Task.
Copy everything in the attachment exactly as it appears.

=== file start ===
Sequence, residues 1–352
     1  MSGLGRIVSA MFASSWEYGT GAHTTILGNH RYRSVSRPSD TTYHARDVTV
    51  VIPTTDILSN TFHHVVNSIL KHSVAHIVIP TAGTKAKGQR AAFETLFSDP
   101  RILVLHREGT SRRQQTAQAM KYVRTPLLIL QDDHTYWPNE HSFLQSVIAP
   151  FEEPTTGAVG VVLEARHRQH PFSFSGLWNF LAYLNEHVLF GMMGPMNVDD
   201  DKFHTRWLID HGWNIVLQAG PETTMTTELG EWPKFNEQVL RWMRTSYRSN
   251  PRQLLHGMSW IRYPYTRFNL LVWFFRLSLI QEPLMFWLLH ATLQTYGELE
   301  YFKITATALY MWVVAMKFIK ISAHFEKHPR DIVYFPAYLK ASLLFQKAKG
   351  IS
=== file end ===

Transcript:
Sequence, residues 1–352
     1  MSGLGRIVSA MFASSWEYGT GAHTTILGNH RYRSVSRPSD TTYHARDVTV
    51  VIPTTDILSN TFHHVVNSIL KHSVAHIVIP TAGTKAKGQR AAFETLFSDP
   101  RILVLHREGT SRRQQTAQAM KYVRTPLLIL QDDHTYWPNE HSFLQSVIAP
   151  FEEPTTGAVG VVLEARHRQH PFSFSGLWNF LAYLNEHVLF GMMGPMNVDD
   201  DKFHTRWLID HGWNIVLQAG PETTMTTELG EWPKFNEQVL RWMRTSYRSN
   251  PRQLLHGMSW IRYPYTRFNL LVWFFRLSLI QEPLMFWLLH ATLQTYGELE
   301  YFKITATALY MWVVAMKFIK ISAHFEKHPR DIVYFPAYLK ASLLFQKAKG
   351  IS